In the years of martial law that followed, Mirwaiz Umar Farooq used his position, and the minimal tolerance of the Indian regime for religious gatherings even during periods when all other popular gatherings were prohibited (common under martial-law regimes), to catalyze the formation of the All Parties Hurriyat (Freedom) Conference (APHC) as an umbrella nationalist organization and shadow government, of which he was selected as chairman.
Unlike the Dalai Lama of Tibet, with whom he might be compared as the spiritual and political leader of a nation under occupation, Mirwaiz Omar Farooq remained in Kashmir even after his father's assassination. This is commendable, and has kept the APHC much more responsive to the Kashmiri people than it would have become in exile. But it has severely hampered his ability to promote the Kashmiri cause to the world. In April of 1999, for example, with Mirwaiz Umar Farooq under house arrent by the Indian authorities, a delegation of other representatives of the APHC was detained at the airport in New Delhi (India permits no direct air service from Kashmir to anywhere outside India) and prevented from boarding a flight to Geneva to present the Kashmiri case to the U.N. Commission on Human Rights. And again in September 1999, Mirwaiz Omar Farooq and another senior leader of the APHC were detained at the airport in New Delhi, their passports and tickets confiscated, and prevented from boarding a flight to New York to present Kashmir's case to the world and the American people.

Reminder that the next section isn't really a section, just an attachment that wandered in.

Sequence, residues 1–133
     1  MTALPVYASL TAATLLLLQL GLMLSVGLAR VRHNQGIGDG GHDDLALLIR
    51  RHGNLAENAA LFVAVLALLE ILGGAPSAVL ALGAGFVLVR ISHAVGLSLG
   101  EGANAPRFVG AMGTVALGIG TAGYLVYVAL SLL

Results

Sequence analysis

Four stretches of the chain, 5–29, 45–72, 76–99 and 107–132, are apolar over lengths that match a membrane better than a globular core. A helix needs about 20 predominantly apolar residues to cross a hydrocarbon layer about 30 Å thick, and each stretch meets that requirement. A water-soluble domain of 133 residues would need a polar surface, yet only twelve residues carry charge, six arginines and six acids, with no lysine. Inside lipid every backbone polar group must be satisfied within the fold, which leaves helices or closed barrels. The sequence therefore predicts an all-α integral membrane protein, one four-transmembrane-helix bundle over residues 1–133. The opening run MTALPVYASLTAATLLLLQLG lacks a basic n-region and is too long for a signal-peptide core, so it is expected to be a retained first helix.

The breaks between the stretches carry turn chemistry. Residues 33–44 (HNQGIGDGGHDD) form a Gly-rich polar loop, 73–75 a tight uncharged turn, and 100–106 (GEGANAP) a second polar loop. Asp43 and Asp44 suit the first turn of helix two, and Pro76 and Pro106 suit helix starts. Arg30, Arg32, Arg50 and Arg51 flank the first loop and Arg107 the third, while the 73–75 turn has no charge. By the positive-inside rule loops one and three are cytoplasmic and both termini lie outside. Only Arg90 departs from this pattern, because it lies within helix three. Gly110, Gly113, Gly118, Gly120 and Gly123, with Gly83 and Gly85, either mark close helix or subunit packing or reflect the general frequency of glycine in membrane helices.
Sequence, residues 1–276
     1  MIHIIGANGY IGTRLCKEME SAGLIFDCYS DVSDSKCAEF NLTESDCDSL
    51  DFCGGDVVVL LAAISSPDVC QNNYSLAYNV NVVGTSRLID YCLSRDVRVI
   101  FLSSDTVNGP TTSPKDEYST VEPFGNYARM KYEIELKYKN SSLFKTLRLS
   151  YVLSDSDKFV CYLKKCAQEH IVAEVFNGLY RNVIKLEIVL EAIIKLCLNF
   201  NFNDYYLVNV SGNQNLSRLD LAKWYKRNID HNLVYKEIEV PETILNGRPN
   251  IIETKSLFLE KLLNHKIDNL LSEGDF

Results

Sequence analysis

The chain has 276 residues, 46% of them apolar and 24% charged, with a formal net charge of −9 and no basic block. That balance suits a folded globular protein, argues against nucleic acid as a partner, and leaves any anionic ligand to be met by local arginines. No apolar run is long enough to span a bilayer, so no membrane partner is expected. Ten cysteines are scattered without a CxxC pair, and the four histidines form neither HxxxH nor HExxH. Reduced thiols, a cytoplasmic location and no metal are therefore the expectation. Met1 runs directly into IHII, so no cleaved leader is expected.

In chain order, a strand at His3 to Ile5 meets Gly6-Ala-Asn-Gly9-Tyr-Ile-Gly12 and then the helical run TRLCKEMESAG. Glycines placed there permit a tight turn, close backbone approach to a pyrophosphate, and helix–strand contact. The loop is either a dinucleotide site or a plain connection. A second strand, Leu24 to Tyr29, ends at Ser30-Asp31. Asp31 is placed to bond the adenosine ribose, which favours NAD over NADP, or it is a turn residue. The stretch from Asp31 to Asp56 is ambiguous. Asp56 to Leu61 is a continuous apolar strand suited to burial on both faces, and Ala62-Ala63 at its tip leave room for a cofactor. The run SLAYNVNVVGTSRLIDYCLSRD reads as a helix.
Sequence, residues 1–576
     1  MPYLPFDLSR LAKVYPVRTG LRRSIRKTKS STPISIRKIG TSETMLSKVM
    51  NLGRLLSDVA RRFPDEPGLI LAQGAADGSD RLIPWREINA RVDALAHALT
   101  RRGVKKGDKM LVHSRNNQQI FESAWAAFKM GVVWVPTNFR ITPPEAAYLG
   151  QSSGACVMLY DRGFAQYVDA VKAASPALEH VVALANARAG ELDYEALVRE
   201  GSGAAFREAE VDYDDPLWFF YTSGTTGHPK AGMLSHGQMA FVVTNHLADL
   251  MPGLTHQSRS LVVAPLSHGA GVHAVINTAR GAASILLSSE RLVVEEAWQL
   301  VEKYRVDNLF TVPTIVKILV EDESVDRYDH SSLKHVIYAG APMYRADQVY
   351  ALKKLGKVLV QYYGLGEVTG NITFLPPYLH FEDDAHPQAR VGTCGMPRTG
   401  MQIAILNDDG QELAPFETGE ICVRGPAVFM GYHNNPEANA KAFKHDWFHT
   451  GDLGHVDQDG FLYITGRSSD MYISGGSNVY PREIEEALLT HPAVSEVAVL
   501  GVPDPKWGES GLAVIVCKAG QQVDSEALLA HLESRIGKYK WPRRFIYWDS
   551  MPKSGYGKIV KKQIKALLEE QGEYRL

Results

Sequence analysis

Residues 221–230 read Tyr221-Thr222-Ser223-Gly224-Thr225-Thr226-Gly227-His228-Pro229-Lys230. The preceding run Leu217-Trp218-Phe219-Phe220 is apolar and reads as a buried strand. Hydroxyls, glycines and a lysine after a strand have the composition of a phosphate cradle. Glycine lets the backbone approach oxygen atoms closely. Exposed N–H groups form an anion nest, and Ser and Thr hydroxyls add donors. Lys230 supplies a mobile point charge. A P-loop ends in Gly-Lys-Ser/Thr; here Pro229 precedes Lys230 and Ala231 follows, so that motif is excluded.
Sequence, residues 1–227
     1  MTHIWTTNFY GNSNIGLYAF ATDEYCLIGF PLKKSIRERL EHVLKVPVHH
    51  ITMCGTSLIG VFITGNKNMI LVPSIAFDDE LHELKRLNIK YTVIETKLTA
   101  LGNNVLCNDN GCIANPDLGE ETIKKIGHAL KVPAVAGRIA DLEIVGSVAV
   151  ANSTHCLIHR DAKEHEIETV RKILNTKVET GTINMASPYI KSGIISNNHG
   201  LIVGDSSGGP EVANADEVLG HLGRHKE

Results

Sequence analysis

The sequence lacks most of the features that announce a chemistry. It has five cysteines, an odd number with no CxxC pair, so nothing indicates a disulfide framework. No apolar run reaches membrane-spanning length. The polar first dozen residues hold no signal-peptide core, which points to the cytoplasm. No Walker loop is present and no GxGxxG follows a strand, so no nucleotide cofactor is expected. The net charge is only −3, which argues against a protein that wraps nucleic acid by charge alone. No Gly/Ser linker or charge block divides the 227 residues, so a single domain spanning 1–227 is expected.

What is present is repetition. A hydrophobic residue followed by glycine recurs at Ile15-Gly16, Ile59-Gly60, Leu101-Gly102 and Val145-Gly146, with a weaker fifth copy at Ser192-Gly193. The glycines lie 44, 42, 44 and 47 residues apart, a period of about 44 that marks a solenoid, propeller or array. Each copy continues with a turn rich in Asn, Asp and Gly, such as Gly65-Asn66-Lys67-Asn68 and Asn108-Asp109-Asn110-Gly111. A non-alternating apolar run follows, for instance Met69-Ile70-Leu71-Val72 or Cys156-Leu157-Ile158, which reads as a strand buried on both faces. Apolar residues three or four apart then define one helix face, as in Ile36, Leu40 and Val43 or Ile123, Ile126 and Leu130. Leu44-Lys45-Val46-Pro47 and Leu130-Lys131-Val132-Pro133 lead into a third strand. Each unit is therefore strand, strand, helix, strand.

If anyone is interested in what Mirwaiz Umar Farooq of Kashmir, and other representatives of the Kashmiri people, might have said, had they been allowed to travel to the U.S. and the U.N. and to speak to us directly, here's a transcript of an earlier address to a U.N. subcommittee (several years ago, but unfortunately the situation has not improved since then).
As for the voices of more ordinary Kashmiris, Jashn-e-Azadi, a documentary film by Sanjay Kak (himself from a Hindu "Pandit" family of Kashmiri ancestry), provides one of the best available opportunities to hear Kashmiris speak for themselves, with footage both from interviews in 2004-2005 and anonymous archival "home video" from the 1990's. Basharat Peer's Curfewed Night: One Kashmiri Journalist's Frontline Account of Life, Love, and War in His Homeland is a down-to-earth memoir of growing up in the Kashmir Valley during the waxing and waning of the Kashmiri struggle, and its shifts of tactics, since 1989.
Kashmir's struggle for freedom continues, but with little support or awareness abroad, especially in the USA. In part, that's because there are so few Kashmiri-Americans, which is why I think it's so important for concerned on-Kashmiris like myself to speak up.
In 2008, while Mirwaiz Umar Farooq renewed his call for setting aside armed struggle to give nonviolent political tactics another chance, Kashmiris came out on the streets en masse for the first time since the early 1990's, with repeated marches of hundreds of thousands despite (again as in the early 1990's) repeated arrests and detention of political leaders and police and army firing on peaceful protesters.